Combining religious ministers and religious teachers, they were responsible for the abuse of just 5.8 per cent of all boys abused and just 1.4 per cent of all girls abused. So the incidence of clerical child sexual abuse represents a small fraction of all child sex abuse.

Recommendations of SAVI report

The SAVI report recommendations included the following:

› A comprehensive public awareness campaign on sexual violence

› The availability of information on services dealing with sexual violence

› Addressing the barriers to the disclosure of sexual violence/abuse

› Further research on sexual abuse and violence

› The establishment of a consultative committee to ensure that the recommendations of SAVI and other reports be implemented.

Hannah McGee, the lead author of the SAVI report, said that at the time of publication "their main concern was whether the figures would be believed" as international experience showed that often such findings were disbelieved. There was a good response at first, with the report being welcomed by all working in the field but it died down very quickly after the launch in April 2002.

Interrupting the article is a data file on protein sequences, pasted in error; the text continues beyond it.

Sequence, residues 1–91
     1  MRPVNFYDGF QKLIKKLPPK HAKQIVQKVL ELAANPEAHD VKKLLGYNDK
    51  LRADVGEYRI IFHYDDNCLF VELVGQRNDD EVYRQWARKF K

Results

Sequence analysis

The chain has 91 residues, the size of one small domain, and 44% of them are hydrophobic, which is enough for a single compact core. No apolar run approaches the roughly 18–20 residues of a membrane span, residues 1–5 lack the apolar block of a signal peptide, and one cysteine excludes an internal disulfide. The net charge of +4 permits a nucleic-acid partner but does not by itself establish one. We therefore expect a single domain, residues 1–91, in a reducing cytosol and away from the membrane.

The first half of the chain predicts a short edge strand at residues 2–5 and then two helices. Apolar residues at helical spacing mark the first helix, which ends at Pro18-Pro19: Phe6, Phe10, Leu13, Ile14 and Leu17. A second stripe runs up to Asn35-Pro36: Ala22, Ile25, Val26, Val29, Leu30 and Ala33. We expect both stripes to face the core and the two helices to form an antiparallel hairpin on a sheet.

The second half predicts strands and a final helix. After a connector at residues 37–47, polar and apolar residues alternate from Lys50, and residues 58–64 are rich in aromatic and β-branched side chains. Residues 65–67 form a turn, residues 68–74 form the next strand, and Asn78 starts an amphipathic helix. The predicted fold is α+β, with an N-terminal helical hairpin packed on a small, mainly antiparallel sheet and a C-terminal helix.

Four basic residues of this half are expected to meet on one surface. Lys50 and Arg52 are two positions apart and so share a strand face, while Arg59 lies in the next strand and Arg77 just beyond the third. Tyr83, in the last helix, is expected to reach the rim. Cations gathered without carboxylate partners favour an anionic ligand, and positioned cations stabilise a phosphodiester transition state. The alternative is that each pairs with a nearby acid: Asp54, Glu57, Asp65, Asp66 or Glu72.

When asked what has been achieved since SAVI, Hannah McGee said that SAVI demonstrated that large scale sensitive surveys can be carried out. Since then there has been more research into areas of abuse and sexual health by organisations such as the ESRI and the National Crime Council.

Apart from progress in the area of research, McGee is unaware of progress on the other recommendations in SAVI, eg there has been no public awareness campaign, although this has been promised in the last week as a part of the response to the Ferns report – the launching of a major public awareness campaign was perhaps the central recommendation of SAVI.

A significant finding in SAVI was that 27.6 per cent of victims of sexual abuse were not aware what services were available to them. Therefore the recommendation to provide information on services was crucial. There is no evidence that this has happened.

Neither is Hannah McGee aware that any consultative committee on sexual violence had been set up – another key recommendation of the report.

Government inaction